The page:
Traces of these traditions are visible in Petrić's philosophy of man and in his political concepts. For example, his comparison of the individual and social "bodies", the social and physiological functions, his concept of correspondence between bodily and mental health, between earthly and celestial, then his view of wise men as society healers, and many other ideas, point to the sources that to a large degree influenced Petrić's methodological starting points and helped form his philosophical concepts. His model of the happy town contains one of these concepts, being based on the idea of renewal of the dignity of speculative sciences, philosophy in the first place, as the condition for achievement of ultimate human happiness and prosperity. The work discusses many concrete issues, e.g. geographical, topographical, climatic, strategic, economic and zoning instructions for city planing, then the phenomena of origin and decline of states, forms of government, legislation, achieving and keeping the peace, demographical, ecological, religious, health and hygiene issues, and many other ones.(1) Petrić's happy town concept does not express new social ideas; it is neither a utopistic construction nor just another literary work of the period; although in the wake of the Classical philosophical city of logos, it is rather a Renaissance thinker's endeavor to provide a unique philosophical project that would point the way to the realization of the true human nature as a whole personality. It is in this manner that the discourse about the utopian elements of Petrić's work is possible, along with the one about the future of utopias in general. 

  1. See M. Mucillo, Aristotelismo, platonismo ed ermetismo ne "La Citta felice" di Francesco Patrizi da Cherso, in: Utopie de gli anni Ottanta (G. Saccaro, ed.); Del Buffa, A. O. Lewis, Roma s.d., pp. 553-577; L. Firpo, Il pensiero politico del Rinascimento e della Controriforma, in: Grande antologia filosofica (M. F. Sciacca, ed.), Milano 1964; ibid., La citta ideale nel Rinascimento, Torino 1975; C. Vasoli, Franceso Patrizi da Cherso, Roma 1989.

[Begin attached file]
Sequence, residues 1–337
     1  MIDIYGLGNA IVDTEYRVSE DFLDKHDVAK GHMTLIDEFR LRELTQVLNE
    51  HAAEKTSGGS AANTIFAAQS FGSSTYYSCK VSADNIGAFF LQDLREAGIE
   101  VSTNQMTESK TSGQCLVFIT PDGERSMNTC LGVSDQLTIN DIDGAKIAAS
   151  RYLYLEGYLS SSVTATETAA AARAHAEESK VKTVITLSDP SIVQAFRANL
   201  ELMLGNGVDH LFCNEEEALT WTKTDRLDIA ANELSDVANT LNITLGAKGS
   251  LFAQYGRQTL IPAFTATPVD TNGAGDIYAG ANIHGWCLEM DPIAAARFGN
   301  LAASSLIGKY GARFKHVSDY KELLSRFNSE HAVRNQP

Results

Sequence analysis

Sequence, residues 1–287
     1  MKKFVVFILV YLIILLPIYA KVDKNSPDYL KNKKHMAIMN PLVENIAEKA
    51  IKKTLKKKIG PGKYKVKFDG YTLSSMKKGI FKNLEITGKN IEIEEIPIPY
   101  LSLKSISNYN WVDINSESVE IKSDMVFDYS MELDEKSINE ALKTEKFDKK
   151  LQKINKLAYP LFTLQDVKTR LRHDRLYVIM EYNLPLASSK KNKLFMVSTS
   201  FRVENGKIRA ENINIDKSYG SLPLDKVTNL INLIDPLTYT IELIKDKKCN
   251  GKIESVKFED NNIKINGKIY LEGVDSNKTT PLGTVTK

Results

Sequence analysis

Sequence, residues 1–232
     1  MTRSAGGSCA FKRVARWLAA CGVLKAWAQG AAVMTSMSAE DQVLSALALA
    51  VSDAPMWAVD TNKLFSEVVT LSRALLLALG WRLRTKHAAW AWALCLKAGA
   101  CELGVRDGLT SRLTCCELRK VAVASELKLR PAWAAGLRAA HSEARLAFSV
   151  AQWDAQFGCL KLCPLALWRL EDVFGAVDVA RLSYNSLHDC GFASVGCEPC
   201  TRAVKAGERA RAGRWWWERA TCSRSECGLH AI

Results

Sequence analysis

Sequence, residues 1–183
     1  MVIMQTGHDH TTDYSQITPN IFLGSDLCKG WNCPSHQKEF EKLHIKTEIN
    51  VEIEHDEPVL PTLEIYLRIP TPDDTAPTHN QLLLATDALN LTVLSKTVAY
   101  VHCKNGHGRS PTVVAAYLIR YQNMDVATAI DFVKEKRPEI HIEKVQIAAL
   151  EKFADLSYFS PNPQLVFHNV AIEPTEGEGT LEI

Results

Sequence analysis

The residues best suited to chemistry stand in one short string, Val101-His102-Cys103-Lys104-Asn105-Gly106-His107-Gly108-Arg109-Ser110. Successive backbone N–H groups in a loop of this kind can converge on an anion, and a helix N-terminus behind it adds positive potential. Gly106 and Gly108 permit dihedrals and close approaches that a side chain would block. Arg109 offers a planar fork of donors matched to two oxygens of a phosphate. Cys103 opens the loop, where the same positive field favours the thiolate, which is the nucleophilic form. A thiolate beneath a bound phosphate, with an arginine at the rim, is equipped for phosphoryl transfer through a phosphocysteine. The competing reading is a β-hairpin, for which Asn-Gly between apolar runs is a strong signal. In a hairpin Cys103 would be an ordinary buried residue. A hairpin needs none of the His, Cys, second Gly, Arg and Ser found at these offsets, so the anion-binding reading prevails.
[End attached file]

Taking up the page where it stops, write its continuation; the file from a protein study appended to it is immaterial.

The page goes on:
2. Poetics and Rhetoric

Petrić's philosophical thought as a whole, and therefore his esthetical thought, his theory concerning beauty and poetry, may be understood in a broader context (influences of the ancient philosophical, theological and esthetical traditions) and in a narrower one (the theoretical discussions led in the second half of the century), the context of the Council of Trent and Reformation and Counter-Reformation movements. These discussions were general and theoretic, but practical issues were also discussed, e.g. individual artistic expression and characteristics of individual style (Leonardo, Michelangelo, Durer, Arcimboldo). The nature of art, its task and purpose, individual arts (poetry, music, painting) and their respective individual qualities, differences, their subjects, their relative merits (the issue of primacy) were among the topics discussed in many treatises that witness to the change of cultural values, of the understanding of art and in the taste of the period.